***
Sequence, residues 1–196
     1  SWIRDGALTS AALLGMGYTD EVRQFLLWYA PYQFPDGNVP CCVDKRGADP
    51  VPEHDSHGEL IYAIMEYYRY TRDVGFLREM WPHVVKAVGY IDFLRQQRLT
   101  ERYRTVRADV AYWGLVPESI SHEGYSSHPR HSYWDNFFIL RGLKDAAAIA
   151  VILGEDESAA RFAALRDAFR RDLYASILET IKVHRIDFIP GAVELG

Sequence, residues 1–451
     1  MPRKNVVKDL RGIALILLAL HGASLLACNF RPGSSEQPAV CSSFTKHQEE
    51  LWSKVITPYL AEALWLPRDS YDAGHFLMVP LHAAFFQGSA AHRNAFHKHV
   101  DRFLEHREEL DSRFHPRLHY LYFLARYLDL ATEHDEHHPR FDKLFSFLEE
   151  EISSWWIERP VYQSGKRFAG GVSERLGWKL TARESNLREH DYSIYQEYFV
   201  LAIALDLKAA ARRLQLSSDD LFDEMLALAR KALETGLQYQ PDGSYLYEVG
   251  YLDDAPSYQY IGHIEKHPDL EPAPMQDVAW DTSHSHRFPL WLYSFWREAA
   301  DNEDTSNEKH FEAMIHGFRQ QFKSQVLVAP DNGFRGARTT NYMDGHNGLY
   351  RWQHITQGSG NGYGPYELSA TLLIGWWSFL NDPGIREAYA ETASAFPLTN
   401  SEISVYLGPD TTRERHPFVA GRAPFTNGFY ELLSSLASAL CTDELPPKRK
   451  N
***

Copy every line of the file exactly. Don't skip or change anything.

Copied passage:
Sequence, residues 1–196
     1  SWIRDGALTS AALLGMGYTD EVRQFLLWYA PYQFPDGNVP CCVDKRGADP
    51  VPEHDSHGEL IYAIMEYYRY TRDVGFLREM WPHVVKAVGY IDFLRQQRLT
   101  ERYRTVRADV AYWGLVPESI SHEGYSSHPR HSYWDNFFIL RGLKDAAAIA
   151  VILGEDESAA RFAALRDAFR RDLYASILET IKVHRIDFIP GAVELG

Sequence, residues 1–451
     1  MPRKNVVKDL RGIALILLAL HGASLLACNF RPGSSEQPAV CSSFTKHQEE
    51  LWSKVITPYL AEALWLPRDS YDAGHFLMVP LHAAFFQGSA AHRNAFHKHV
   101  DRFLEHREEL DSRFHPRLHY LYFLARYLDL ATEHDEHHPR FDKLFSFLEE
   151  EISSWWIERP VYQSGKRFAG GVSERLGWKL TARESNLREH DYSIYQEYFV
   201  LAIALDLKAA ARRLQLSSDD LFDEMLALAR KALETGLQYQ PDGSYLYEVG
   251  YLDDAPSYQY IGHIEKHPDL EPAPMQDVAW DTSHSHRFPL WLYSFWREAA
   301  DNEDTSNEKH FEAMIHGFRQ QFKSQVLVAP DNGFRGARTT NYMDGHNGLY
   351  RWQHITQGSG NGYGPYELSA TLLIGWWSFL NDPGIREAYA ETASAFPLTN
   401  SEISVYLGPD TTRERHPFVA GRAPFTNGFY ELLSSLASAL CTDELPPKRK
   451  N